Mark Lilien
Guest
14 years 7 months ago

Michael S. Jeffries was paid about $4 million last year, according to the Abercrombie & Fitch proxy statement. His 1 million shares of stock, granted to him in 2003, become vested 12/31/2008, if he still is working for the company. That stock, worth about $27 million in 2003, is now worth over $57 million. So the stock more than doubled in 3 and half years. That’s why he’s worth it.

Robert Antall
Guest
Robert Antall
14 years 7 months ago

The issue is pay for performance. As Mr. Livingston said, if the CEO is performing well for the shareholders, more power to him/her. Unfortunately way too many CEOs get paid well whether they do the job well or not.

Gene Hoffman
Guest
Gene Hoffman
14 years 7 months ago
This is a provocative question since it assumes that CEOs and few members of top management are the sole reason of why the price of their company’s stock rises. That, of course, is true in a great many cases. But also consider this: When Jack Welch was running GE with his prime team the company soared. When Welch left GE and appointed his successor most of his management team left. In their new environments there have been successes and otherwise. For instance, Larry Johnson went to Albertsons, didn’t take it anywhere, then arranged to have it taken out and was handsomely rewarded for selling the once-proud company. As for retailers, I feel that Costco has a good perspective. Their CEO is paid rather well … but so are the workers and the company is flourishing. I now ponder this question: Is greed the spur of industry or the sphincter of the heart? It would seem CEOs – as well as sports types and their agents, entertainers and celebrities ala Donald Trump – believe in what… Read more »
Herb Sorensen
Guest
14 years 7 months ago
The question is accountability – is the pay being earned? Economic studies have been done of the presidency of the United States, over decades, in terms of the impact of the presidents decisions. The answers are not definitive, but tend to support the idea that presidents are lauded or damned over issues upon which they had minimal influence. Stuff happens. There are different theories of history, only one of which is the “key person” variety. But one would think businesses would be more definitive. Most of us wouldn’t believe presidents of companies have no impact on their companies. For example, who would believe that Lee Iacocca had nothing to do with the turnaround of Chrysler, or that Jack Welch didn’t contribute in a major way to the long winning streak of GE? At the same time, losers like de Lorean and many others have been or were rewarded munificently again and again, for what? The same is true in sports. Driving out all the razz ma tazz of hero worship, Billy Bean showed how rational… Read more »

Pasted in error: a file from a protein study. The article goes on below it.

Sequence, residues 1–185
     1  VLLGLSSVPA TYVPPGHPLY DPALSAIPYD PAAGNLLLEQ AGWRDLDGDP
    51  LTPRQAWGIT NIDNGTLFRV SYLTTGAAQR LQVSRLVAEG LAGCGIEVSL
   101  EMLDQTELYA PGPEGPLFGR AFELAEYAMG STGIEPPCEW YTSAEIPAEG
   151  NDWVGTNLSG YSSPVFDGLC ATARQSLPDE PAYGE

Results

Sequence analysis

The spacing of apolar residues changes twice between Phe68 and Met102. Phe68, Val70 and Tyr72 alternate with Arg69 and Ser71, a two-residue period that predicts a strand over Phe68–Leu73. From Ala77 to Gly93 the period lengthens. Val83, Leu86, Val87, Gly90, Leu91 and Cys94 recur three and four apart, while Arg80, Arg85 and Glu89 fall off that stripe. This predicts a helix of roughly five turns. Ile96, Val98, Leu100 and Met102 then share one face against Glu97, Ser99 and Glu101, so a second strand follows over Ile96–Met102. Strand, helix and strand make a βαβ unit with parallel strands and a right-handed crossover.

David Livingston
Guest
14 years 7 months ago

I’m not going to name names. Let’s just say if the company is successful and the employees, customers and stockholders are happy, then the CEO deserves every penny. I work for a lot of privately held companies and don’t have the first clue what the CEO earns. It doesn’t matter and I don’t care. All I know is the employees and customers are happy. When everyone is happy, no one cares what the CEO makes. But when things turn sour, one of the first things to criticize is CEO pay. For example, Winn-Dixie, the poster child retailer for failure, has a CEO who makes more than the CEO of Publix, the poster child retailer for success.

Ok, I will name names. Whatever Wegmans paid Robert Wegman, he deserved every penny. Any CEO who gives it all back after he passes on is a perfect example of a CEO who could never be overpaid.

Race Cowgill
Guest
Race Cowgill
14 years 7 months ago
I’m not sure I agree, Al. Just because a situation persists for even hundreds of years doesn’t mean it is right or good. Sports stars are part of an entertainment industrial-complex, as are movie stars and novelists. Entertainment is a fundamentally different activity than what executives of businesses are SUPPOSED to do. We give money to the entertainment complex to entertain us. We give money to (invest in) business in order to make money, based on the business providing life-enriching products and services to customers. Underneath the executive pay structure are two very powerful cultural assumptions: 1. “Some people are more valuable than others,” and 2. “Executives control their organizations.” Scientific data does not support these assumptions, yet they can seem so “obvious” that it might even seem ridiculous to question them. Combine these assumptions with the fact that executives essentially determine their own pay, and you get a machine that can hardly be stopped. It’s quite flattering, to say the least, to think that you are a very powerful person whom your organization “must”… Read more »